Results: Of the 561 patients, 85.6% (n = 480) survived their admission and were discharged from the hospital to home or rehabilitation, and 8.8% (n = 42/480) were readmitted within 30 days. The median time to readmission was 10.5 days (IQR 6.0-14.3). The most common reasons for readmission were infection (33.3%) and acute cardiac or cerebrovascular events (19% and 20%, respectively). Multivariate analysis showed that hypertension (p = 0.030; OR 2.72) and length of initial hospital stay (p = 0.040; OR 1.032) were significantly correlated with readmission within 30 days, while hemorrhagic conversion (grades 3 and 4) approached significance (p = 0.053; OR 2.23). Other factors, such as unfavorable outcome at discharge, history of coronary artery disease, and discharge destination, did not predict readmission.

Conclusions: The study data demonstrate that hypertension, length of hospital stay, and hemorrhagic conversion were predictors of 30-day hospital readmission in stroke patients after mechanical thrombectomy. Infection was the most common cause of 30-day readmission, followed by cardiac and cerebrovascular diagnoses. These results therefore may serve to identify patients within the stroke population who require increased surveillance following discharge to reduce complications and unplanned readmissions.
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http://dx.doi.org/10.3171/2020.2.JNS193249DOI Listing
May 2020

Letter to the Editor: "Bridging Machine Learning and Clinical Practice in Neurosurgery: Hurdles and Solutions".

World Neurosurg 2020 02;134:678-679

Department of Neurosurgery, Thomas Jefferson University, Philadelphia, Pennsylvania, USA.

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http://dx.doi.org/10.1016/j.wneu.2019.11.105DOI Listing
February 2020

Reactivated Spatial Context Guides Episodic Recall.

J Neurosci 2020 03 23;40(10):2119-2128. Epub 2020 Jan 23.

Computational Memory Laboratory, Department of Psychology, University of Pennsylvania, Philadelphia, Pennsylvania 19104,

The medial temporal lobe (MTL) is known as the locus of spatial coding and episodic memory, but the interaction between these cognitive domains as well as the extent to which they rely on common neurophysiological mechanisms is poorly understood. Here, we use intracranial electroencephalography and a hybrid spatial-episodic memory task (29 subjects, 15 female) to determine how spatial information is dynamically reactivated in subregions of the human MTL and how this reactivation guides recall of episodic information. Our results implicate theta oscillations across the MTL as a common neurophysiological substrate for spatial coding in navigation and episodic recall. We further show that our index of retrieved spatial context is high in the hippocampus (HC) in an early time window preceding recall. Closer to recall, it decreases in the HC and increases in the parahippocampal gyrus. Finally, we demonstrate that hippocampal theta phase modulates parahippocampal gamma amplitude during retrieval of spatial context, suggesting a role for cross-frequency coupling in coding and transmitting retrieved spatial information. By recording from the human medial temporal lobe (MTL) while subjects recall items experienced in a virtual environment, we establish a direct relation between the strength of theta activity during memory search and the extent to which memories are organized by their spatial locations. We thereby pinpoint a role for theta oscillations in accessing the "cognitive map" during episodic retrieval and further highlight the dynamic interplay of hippocampus and extrahippocampal MTL in representing retrieved spatial context. Our results provide an important step toward a unified theory of MTL function encompassing its role in spatial navigation and episodic memory.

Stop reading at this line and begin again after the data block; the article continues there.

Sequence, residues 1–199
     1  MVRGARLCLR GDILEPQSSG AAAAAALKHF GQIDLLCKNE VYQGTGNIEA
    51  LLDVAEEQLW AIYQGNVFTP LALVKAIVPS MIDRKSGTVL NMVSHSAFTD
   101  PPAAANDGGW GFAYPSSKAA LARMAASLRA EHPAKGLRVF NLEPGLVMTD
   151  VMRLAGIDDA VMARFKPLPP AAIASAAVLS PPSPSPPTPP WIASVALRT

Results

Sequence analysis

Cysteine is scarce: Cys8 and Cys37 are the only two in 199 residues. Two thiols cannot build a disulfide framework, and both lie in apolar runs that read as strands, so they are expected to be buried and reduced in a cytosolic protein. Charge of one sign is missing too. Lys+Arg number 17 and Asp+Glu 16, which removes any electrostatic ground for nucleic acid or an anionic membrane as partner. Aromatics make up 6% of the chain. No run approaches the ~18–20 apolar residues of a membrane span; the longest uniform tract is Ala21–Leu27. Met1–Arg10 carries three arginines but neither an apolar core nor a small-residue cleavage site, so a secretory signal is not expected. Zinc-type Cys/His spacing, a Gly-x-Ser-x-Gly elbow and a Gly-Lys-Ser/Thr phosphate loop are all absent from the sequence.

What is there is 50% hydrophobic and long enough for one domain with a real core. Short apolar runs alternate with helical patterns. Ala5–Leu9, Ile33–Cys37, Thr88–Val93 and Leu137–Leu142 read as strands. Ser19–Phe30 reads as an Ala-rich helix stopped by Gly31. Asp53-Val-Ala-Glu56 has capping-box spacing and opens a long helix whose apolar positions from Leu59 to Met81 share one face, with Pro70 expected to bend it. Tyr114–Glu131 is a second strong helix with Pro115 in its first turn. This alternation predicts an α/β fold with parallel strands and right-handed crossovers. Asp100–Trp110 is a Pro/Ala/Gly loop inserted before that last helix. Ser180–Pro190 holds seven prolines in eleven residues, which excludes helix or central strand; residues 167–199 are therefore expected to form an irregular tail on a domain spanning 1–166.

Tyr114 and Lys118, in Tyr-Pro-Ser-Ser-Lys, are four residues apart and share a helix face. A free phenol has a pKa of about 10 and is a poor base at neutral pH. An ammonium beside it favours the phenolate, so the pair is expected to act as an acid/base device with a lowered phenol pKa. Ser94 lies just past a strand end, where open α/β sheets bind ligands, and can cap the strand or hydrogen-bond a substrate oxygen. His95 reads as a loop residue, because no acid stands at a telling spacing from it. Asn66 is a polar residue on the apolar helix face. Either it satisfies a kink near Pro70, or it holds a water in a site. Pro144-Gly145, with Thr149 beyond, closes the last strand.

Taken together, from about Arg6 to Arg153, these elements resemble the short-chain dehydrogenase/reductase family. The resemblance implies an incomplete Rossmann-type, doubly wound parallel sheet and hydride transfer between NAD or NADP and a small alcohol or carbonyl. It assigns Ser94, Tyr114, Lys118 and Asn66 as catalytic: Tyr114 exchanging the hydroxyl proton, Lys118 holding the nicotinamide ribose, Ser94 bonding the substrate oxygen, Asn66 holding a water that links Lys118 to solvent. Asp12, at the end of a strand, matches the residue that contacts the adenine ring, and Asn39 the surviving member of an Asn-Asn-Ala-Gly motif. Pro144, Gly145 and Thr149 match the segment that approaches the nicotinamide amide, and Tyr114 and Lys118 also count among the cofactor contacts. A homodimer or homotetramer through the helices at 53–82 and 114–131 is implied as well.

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http://dx.doi.org/10.1523/JNEUROSCI.1640-19.2019DOI Listing
http://www.ncbi.nlm.nih.gov/pmc/articles/PMC7055128PMC